Writing Practice

 You might have heard the phrase ‘writing practice’ or ‘morning pages’ somewhere if you’re interested in writing or are writing. Doing this creative writing course we have been encouraged to do writing practice, which is usually journaling for any length of time in a notebook, maybe just three pages or however long it takes to get things out of your system or follow a trail of thought. Writing practice is sometimes called freewriting, although its not the same thing to some people; writing practice is more of a journal thing whilst freewriting is keeping your pen moving or typing as fast as you can without stopping to edit or changing anything. For me, writing practice takes the form of writing in my journal or writer’s notebook. I hadn’t considered freewriting for a while; thats my inner laziness sprouting up again.

I discovered this website by chance where you write 750 words a day and don’t need to stop to scroll down as it automatically scrolls for you and keeps track of your words. 750 words is roughly three pages – the amount recommended for morning pages. Mostly it just feels freeing to write and not be concerned about how good it is, it feels good to let everything out. You can go as fast or as slow as you like, but it helps to keep writing on track and is something that reminds you to write – by sending you email alerts if you sign up for them. It is something I’m looking forward to using over the coming months because I won’t have the security of working to tight deadlines for University any longer. I have my last EMA to hand in next Thursday, two chapters of my novel to hand in. I’m already behind in doing that, but I’ve managed to write 2000 odd words already. Its meant to be 4000 plus a 1000 word commentary on the process of doing the work and the editing process. So its going to be an intense few days.

What feels strange to me is editing these chapters without having written the rest of the book yet. I’m a little frightened that I won’t keep going but I’ve signed up for a group related to the Open Uni where everyone is going to attempt to write a book by next May. Or at least get as far as we possibly can! Its important to have support as a writer – it is definitely isolating and solitary, but its good to share tips and information with other writers. It helps to have people spurring you on and motivating you, people who care because they’re doing the same thing. I find it painful to write a story or chapters because writing is a physical thing and it feels like opening a vein and exposing something. Even if you’re not aware of it at the time, what you write is both intensely personal and yet it is separate to you. This is possibly what the painful thing is – having to learn to let go and treat that work as something separate from you even when you’ve spent hours pouring your heart into it.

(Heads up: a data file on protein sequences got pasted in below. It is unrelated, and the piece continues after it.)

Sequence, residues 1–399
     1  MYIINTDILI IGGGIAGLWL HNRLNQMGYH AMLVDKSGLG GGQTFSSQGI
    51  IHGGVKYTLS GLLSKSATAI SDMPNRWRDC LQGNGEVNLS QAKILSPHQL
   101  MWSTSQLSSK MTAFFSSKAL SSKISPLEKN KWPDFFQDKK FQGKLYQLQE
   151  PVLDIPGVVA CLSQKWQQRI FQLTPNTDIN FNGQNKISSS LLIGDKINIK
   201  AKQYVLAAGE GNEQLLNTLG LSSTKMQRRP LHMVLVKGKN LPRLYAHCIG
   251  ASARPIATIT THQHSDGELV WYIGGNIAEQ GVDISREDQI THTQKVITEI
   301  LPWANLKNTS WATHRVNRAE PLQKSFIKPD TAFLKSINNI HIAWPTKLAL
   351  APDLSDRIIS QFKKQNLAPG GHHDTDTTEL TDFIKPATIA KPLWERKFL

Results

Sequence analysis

I know I’ve been neglecting this blog, mostly because of all the things that have been happening in my life and the lives of those around me. I also haven’t felt as much motivation or need to blog recently, even though I feel guilt that people might be coming here and expecting me to have written something new. Blogging is a contradiction – it starts as a place where we express ourselves and share things we might not share with strangers if we met them face to face; yet as time goes on, it feels like you want to draw inwards and keep some privacy. I’ve been seriously thinking about closing down my facebook account in the last few days but all my friends are there and it feel as though email has almost become obsolete. Just as handwritten letters seem to have become obsolete, which is sad.

I’m considering setting up a writing group for deaf writers, because I think it would be a positive thing and might get more people writing. I’ve also been thinking about setting up a deaf book group because I can’t access hearing book groups very well – they don’t tend to be accessible when everyone is discussing a book. I love reading so much and want to share it with other people. Its exciting talking about what a book means to you and how it has changed you or not changed you; the power of words is something worth sharing. There are many things I want to do and think about in the next few months. I have to think about where I’m going next, and what my next steps will be after doing this diploma. I’ve got lots of projects to get on with, but I’m also concerned about money and how uncertain it is at the moment. Money always threatens to bring the world crumbling down, even if its relatively stable.

Anyway, that website is 750 Words and if you’re interested in reading about Writing Practice or Freewriting then there are several books that have inspired me:

Writing Down the Bones by Natalie Goldberg

Wild Mind by Natalie Goldberg

Becoming a Writer by Dorothea Brande

A Writer’s Workbook: Daily Exercises for the Writing Life by Caroline Sharp.

Write what disturbs you, what you fear, what you have not been willing to speak about. Be willing to be split open. – Natalie Goldberg, Writing Down the Bones.

Image from Tumblr.

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